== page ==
Denise Goldberg's blog

Circles, parks, & funny birds
Wandering in Downeast Maine

Sunday, January 18, 2009


Looking back, thoughts from June, 2006...

I used to think that I could visit a place once and that would be enough; a new year always meant new travel destinations. I learned (or maybe I should say I decided) a long time ago that it's more than acceptable to return to places that I've enjoyed in the past. There are sights to see again, sights to see in different light or in different conditions, and brand new things to see too.

I visited Downeast Maine in 2005. And I stopped at Acadia National Park in September on my way home from Prince Edward Island. But somehow, I haven't absorbed enough of that area, and it's more than possible that I'll never get tired of visiting there. I don't really need a reason to go back there, but if I needed a reason (or excuse)... I want to visit the puffins again with my new toy - a Canon Digital Rebel XT (a digital SLR) - in hand. That's enough for me - I'm going back!

I promise, I'm going to explore someplace new when I head out on my bike in September...

This will be a quick four-day trip, and I've decided that it feels right to do it as a series of day trips. Friday, Sunday, and Monday will be days for wandering on my bike; Saturday is my planned visit with the puffins. (Or maybe I should say hoped for, since the boat trip is definitely dependent on the ocean conditions.) Even then, I'll have the afternoon to wander on my bike. I hope to wander on some roads that are new to me, but I will be repeating last year's rides in Acadia National Park too, both Park Loop Road in the main part of the park, and the road around the Schoodic Peninsula.

I find it interesting that when I'm riding around home I often repeat the same routes. If I'm on a tour, I tend to ride a big multi-day circle or I ride point-to-point. Sometimes I do an out-and-back tour, but the other two options are more common. When I repeat rides at home, sometimes I flip the ride around; things do look different when you approach them from a different direction. That's not possible at Acadia though since both of the roads I'll be rolling down are one-way loops. I really enjoy the two loops in Acadia; I hope that riding them more than once will satisfy my Acadia itch for now. My goal is to keep an eye out for interesting things along the road, and to enjoy the scenery in possibly different lighting conditions.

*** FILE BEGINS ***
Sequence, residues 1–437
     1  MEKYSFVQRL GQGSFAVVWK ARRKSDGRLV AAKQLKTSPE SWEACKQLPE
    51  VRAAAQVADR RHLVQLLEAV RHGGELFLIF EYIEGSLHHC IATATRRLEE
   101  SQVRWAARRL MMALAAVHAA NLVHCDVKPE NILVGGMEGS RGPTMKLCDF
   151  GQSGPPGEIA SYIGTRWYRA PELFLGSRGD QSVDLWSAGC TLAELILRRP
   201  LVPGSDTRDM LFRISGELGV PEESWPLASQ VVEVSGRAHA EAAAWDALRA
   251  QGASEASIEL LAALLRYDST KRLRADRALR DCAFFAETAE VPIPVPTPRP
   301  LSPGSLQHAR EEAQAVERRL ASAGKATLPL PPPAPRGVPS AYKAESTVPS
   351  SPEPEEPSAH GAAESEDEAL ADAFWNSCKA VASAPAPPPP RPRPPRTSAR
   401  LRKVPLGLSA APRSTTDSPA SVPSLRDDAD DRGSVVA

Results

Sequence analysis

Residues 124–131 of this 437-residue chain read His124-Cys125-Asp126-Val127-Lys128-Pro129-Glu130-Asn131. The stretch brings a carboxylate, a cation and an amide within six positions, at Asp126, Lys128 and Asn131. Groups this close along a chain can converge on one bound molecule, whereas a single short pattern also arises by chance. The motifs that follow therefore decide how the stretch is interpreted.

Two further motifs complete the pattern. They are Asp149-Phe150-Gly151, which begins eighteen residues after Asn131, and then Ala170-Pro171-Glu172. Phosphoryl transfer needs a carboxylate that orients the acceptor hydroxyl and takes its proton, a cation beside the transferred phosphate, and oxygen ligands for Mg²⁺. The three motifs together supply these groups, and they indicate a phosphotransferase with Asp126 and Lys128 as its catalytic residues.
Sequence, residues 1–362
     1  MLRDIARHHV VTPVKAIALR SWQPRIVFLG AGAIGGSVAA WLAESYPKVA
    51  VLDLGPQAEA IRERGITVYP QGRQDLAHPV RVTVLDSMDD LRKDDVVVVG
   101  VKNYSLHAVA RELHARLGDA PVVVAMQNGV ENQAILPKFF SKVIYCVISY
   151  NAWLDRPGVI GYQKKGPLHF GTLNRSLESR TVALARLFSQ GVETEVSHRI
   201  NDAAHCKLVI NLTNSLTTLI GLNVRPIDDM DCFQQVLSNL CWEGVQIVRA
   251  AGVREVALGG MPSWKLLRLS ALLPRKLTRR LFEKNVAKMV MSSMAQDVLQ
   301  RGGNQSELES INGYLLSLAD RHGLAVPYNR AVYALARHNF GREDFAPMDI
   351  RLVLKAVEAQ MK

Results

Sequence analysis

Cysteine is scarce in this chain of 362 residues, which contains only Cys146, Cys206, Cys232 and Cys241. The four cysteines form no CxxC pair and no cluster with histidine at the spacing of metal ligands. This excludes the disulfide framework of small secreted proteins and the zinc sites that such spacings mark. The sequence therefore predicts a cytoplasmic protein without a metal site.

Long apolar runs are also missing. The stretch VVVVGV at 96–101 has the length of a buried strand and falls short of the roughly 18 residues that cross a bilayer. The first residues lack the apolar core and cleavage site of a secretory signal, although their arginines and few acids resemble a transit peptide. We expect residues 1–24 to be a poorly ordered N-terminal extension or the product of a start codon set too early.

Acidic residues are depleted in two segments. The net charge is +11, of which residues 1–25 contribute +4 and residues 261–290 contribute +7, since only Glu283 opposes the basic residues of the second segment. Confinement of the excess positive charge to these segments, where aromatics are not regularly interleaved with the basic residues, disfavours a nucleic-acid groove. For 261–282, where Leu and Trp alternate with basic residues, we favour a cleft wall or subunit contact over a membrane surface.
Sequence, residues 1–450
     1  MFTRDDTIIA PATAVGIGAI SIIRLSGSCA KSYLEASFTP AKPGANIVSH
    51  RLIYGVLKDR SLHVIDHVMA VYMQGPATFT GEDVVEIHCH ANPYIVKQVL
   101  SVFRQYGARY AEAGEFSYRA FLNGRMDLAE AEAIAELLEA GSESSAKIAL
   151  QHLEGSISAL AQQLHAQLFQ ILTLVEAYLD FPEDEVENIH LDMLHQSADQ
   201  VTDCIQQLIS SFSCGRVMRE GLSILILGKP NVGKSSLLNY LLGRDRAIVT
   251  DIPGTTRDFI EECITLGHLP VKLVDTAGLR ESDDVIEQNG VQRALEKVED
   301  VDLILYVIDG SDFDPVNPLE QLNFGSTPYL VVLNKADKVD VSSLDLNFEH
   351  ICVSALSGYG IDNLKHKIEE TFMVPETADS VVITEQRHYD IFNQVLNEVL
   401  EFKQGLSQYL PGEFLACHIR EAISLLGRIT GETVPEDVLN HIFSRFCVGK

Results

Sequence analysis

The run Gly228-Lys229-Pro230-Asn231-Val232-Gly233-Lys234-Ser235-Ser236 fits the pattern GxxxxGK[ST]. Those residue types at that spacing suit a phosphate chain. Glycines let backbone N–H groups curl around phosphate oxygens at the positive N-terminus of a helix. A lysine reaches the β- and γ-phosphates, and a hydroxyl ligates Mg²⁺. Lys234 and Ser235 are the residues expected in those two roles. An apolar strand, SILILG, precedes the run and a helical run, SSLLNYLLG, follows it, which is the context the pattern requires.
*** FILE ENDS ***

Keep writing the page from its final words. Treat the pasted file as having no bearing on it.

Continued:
It's time to absorb the sights and sounds of Downeast Maine; it's time to ride.

It's my turn to go to Acadia with Denise!

Both of my compatriot's (Denise's other bikes) have already been there. They were able to visit during her spring & fall tours last year. That made sense since Denise was touring - and they are both touring bikes while I am set up as a road bike. Yes, I do sport a rear rack, and I know that Denise plans to use both her TailRider (for the camera) and a single almost empty rear pannier (for sandals to be used for traipsing around on the coastal rocks instead of using cycling shoes for that non-cycling pastime). But that's not much weight at all. And I really do want to explore Downeast Maine. I'm so excited!

Oh, you want to know where my picture was taken? It was somewhere along the southwest coast of Maine, probably near Kittery Point or one of the Yorks. That makes a good wander for a day trip since we live in northeast Massachusetts. And now I'm going to get to see Downeast Maine too!

Yes Rover, of course you're coming too. After all, you told me last year that you liked riding in Maine, and you enjoyed our short 2-day trip (last month) from home to Kittery and back again, right? I'm counting on you to take pictures while we're riding. And yes, I promise to stock some chocolate for you. I know that you prefer quality dark chocolate, but energy bars with a touch of chocolate are OK with you too, right?

What? You don't talk to your travel mascot?